I promised poor Donna that I would write a post umpteen days ago about Botanicula; the truth is, I haven’t finished the game yet. I started it when I was visiting family – and things got busy. My grandfather was ill. So first it was I-has-a-sad (he’s much better, don’t worry) and then it was I-has-a-new-job and then it was – honestly I am just a horrible person and I have no excuses.
So here’s a review for an entirely different game!
Most of Lollipop Chainsaw was lost on me. By “most”, I mean boobs. I am unfortunately straight as a plank, and could not appreciate the eye-candy laid out (heh. heh.) before me. It was designed by the flashy exuberant sexy-obsessed Suda51 (Goichi Suda), of Shadows of the Damned and No More Heroes fame, and James Gunn (PG Porn), and was originally written in Japanese – as an English-speaking straight girl, I am entirely not the audience for this game.
Here are the things that didn’t get lost in translation:
1) The zombies actually talk. OMG! And everything they say is amusing. Congratulations to all concerned: translators and scriptwriters both.
2) Juliet is such a sweetheart. And her voice actress is amazing. Really spot-on.
3) Zombie concepts were so good! I loved the fact that different bosses got different levels based around different musical styles.
4) The music for this game includes The Human League, which, given my obsession with New Wave, means the game gets one billion bonus points. Also, Jimmy Urine is involved, and don’t you even start dissing MSI. The first guy I ever fell in love with introduced me to them – I will always be a fan.
The sentient A.I. I live with – slash my other 1/2 – reports that the fighting system is complex enough to warrant replay in the harder difficulties. (I suspect this translates from straight man into “SO MANY BIKINIS,” but I digress.)
Plus, you get to kick righteous ass with a sparkly chainsaw. Alas that you can’t choose what flavour of kawaii decorates your gore in the US version, but I thought the pink hearts were a nice touch.
I thought the story was a little short, and the graphics weren’t really up to par. Seriously, loves, you can do better; I know you can, because I played Shadows of the Damned a few months back. Sentient A.I. defended the length of the storyline (“BIKINIS”), and the graphics were playable (unlike the E3 gameplay preview for Dishonoured, wtf, welcome to 2004) – so I’m going to give it a 7/10 for people uninterested in boob physics, and an 8.5/10 for those who get the upskirt trophy without knowing there is one.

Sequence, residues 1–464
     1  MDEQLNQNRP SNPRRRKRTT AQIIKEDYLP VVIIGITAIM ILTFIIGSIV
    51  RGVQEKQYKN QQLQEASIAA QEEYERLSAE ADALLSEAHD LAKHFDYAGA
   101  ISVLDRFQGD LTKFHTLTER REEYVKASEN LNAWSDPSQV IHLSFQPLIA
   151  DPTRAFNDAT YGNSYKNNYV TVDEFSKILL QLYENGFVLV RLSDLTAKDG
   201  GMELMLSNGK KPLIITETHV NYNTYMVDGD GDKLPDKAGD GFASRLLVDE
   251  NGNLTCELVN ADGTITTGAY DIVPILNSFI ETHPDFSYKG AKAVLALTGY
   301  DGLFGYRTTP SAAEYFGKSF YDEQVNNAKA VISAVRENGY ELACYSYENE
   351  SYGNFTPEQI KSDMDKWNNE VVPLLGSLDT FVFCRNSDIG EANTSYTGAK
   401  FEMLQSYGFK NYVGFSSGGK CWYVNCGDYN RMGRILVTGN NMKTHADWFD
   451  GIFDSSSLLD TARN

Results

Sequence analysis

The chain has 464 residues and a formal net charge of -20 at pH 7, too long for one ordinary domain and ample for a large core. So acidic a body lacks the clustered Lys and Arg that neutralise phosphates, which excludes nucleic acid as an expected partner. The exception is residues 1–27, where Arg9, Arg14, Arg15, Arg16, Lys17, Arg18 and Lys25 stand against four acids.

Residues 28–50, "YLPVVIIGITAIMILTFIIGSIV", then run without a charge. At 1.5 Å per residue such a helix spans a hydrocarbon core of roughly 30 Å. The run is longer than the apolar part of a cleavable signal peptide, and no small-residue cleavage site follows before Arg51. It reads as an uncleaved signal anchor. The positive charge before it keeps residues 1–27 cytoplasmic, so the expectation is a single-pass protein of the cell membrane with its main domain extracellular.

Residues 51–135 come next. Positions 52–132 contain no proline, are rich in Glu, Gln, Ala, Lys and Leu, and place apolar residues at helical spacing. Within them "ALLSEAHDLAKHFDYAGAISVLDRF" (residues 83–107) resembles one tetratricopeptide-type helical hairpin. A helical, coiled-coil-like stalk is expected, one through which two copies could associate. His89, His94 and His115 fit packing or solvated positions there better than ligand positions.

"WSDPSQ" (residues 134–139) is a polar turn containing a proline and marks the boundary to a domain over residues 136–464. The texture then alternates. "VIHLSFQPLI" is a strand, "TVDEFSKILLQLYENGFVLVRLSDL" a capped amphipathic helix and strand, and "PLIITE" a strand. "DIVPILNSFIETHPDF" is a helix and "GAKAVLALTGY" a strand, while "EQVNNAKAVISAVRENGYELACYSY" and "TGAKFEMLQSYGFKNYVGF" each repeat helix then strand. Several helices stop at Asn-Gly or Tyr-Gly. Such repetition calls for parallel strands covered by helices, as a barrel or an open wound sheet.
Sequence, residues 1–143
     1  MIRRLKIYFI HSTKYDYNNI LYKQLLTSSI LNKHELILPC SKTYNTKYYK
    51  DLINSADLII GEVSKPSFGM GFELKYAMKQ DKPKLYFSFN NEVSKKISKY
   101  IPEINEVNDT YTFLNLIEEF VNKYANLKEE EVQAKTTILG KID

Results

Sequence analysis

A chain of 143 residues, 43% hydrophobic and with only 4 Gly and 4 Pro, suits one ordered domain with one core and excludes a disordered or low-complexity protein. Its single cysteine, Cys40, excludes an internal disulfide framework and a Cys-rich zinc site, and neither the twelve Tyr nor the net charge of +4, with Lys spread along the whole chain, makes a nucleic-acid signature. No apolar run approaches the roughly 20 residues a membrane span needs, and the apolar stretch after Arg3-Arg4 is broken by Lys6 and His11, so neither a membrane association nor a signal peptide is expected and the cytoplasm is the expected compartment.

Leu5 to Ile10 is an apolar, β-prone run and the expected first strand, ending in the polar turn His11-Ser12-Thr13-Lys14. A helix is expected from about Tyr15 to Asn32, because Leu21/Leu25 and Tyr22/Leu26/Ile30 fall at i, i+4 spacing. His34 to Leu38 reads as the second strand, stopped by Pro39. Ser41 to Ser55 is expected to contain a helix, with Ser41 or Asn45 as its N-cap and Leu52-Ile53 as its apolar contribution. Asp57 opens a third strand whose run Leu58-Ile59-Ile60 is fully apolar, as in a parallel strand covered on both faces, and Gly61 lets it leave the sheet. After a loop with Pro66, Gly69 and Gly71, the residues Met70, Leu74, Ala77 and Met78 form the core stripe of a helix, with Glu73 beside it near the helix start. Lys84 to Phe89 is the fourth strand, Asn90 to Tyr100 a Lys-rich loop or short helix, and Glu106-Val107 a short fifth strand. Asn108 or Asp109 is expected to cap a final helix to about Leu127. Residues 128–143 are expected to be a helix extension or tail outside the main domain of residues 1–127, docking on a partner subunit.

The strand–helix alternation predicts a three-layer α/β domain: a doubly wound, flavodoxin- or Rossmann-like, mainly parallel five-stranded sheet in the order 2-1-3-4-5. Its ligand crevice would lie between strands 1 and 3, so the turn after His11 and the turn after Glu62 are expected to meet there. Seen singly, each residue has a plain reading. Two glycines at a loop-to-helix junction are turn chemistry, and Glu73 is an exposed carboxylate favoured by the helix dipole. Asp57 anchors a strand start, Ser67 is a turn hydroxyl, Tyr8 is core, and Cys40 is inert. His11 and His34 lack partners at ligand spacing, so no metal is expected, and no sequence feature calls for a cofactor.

~ Alice M.
Loc is a 3d puzzle game from Birnam wood games released earlier this month, this is the studios first game.
The games plot is really simple to understand; Humanity has caused so much damage to the earth that the last queen of the faeries has taken you prisoner and plans to keep you trapped in her realm as punishment for man kinds crime (Lucky you) ; In order to escape you must solve ‘Loc’ puzzles in order to make your way through the queens desolate realm and find your way out.
The game play is a bit more complex; using your mouse you need to drag a series of tiles across a face of a cube to create a path between the start and end tiles. As you progress the game’s difficulty will increase, adding tiles that you must use in order to continue; it gets even harder when you have to start building the path across more than one of the cubes faces, whilst making sure that your using the right tiles to create a working path. There is also a list of achievements that you can earn if you complete the level under certain conditions which is a nice little addition.
Overall Loc is a wonderful game,The art style is beautiful , the atmospheric music helps the player become more immersed in this intriguing setting that birnam wood games created. But why not try it out yourself, the game is available from their studios website Here for just over £3 ($5) and if your completely broke they even have a free demo.
“How long until the helicopter gets here?”
“Oh… about two waves of SWAT guys, I guess?”
That little exchange right at the beginning of Saints Row: The Third gives you an example of the tone, self-deprecating humor, and.. so very anti-Grand Theft Auto this game is. Not anti as in antagonistic, merely that it goes out of its way to show how different it is from what would be a possible natural first impression of the game. I know it was mine!